Chalazion or Lump on Eyelid
Often confused with a stye, a chalazion is a lump that appears on the eyelid and can take several weeks to develop fully. It often starts as an irritation and can become more uncomfortable or painful as the lump grows and causes the skin to swell.
What Causes Chalazion?
A chalazion is caused by an inflammation to one of the types of sweat glands in the eyelid. If the duct to and from the gland becomes blocked, caused by the oil within the gland being too thick to be mobile enough to travel through the gland, the oil can build up causing the gland to swell as it fills; eventually a noticeable cyst is formed.
As the lump grows the pressure builds up until the lump ruptures causing the fluid to seep into the eye, causing further irritation.
Signs and Symptoms of a Chalazion
Initially the gland can appear red and irritated, as the inflammation develops, the gland swells further causing the surrounding skin to become taut, red and more painful.
The lump can become hard as the oil in the gland builds up. Most of the time a chalazion is found solely on the upper lid and does not encroach on the lower lid. It is normally no larger than a small pea and will feel smooth to the touch.
Vision is not normally affected although in the presence of a large lump, the eyelid can become difficult to fully open causing partial closure to the eye. This will resolve itself once the lump has been treated.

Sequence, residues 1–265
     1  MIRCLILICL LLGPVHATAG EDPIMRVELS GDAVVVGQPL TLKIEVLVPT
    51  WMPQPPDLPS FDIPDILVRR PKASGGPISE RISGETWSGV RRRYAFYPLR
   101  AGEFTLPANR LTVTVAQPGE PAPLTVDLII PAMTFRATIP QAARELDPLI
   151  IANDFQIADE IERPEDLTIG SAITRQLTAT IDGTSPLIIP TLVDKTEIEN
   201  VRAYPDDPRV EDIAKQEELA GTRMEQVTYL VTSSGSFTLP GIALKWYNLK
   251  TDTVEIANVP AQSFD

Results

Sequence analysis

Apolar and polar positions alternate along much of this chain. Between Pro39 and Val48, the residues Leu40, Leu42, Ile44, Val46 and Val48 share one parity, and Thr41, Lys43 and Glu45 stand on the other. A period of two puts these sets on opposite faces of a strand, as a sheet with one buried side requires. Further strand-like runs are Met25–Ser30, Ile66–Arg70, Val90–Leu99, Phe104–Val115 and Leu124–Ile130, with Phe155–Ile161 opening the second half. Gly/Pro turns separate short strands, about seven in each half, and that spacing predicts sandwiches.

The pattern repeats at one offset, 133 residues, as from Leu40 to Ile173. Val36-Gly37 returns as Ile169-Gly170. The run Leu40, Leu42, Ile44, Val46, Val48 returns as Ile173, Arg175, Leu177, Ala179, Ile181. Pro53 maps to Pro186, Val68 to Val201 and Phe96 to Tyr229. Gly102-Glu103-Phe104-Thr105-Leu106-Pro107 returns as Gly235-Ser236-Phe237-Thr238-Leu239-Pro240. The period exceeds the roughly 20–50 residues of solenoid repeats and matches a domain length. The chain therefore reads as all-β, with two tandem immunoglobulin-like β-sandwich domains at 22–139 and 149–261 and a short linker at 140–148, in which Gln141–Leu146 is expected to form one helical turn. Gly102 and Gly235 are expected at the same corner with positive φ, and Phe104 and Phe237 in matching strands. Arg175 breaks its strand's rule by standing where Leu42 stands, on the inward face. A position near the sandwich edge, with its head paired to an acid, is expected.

For most, to have a chalazion will be a one off occurrence, but for a small minority it can recur. It is important to recognise the initial symptoms so that a compress can be applied early on to prevent the inflammation from becoming too great. Gently massage given at this time will also help to encourage drainage of the fluid before it is permitted to build up.
It is important to try and refrain from popping the lump as this can cause further irritation and possible infection.
Apply a warm pad to the area, using clean gauze or a clean face cloth, for up to 15 minutes, three times a day. This will help to thin the built up fluid and dilate the entrance to the gland allowing encouragement for drainage to occur. Do not use a compress that is too hot as the eye area is very sensitive and scalding can occur very easily.
Symptoms may subside on their own, often within three days. If symptoms persist for longer than a month, or the lump has popped and become infected it is essential to seek medical advice either from an ophthalmologist or from your GP.
Medical treatments may include the use of anti-biotics if an infection has developed possible use of steroidal preparations to help decrease the level of inflammation and occasionally surgery will be recommended. Surgical removal of the lump can include not just drainage of the gland, but total excision of the gland preventing a future occurrence of the same gland.
Chalazion are quite common and usual non-serious complaints of the eyelid. Treatment can often be given at home with no need for further interventions.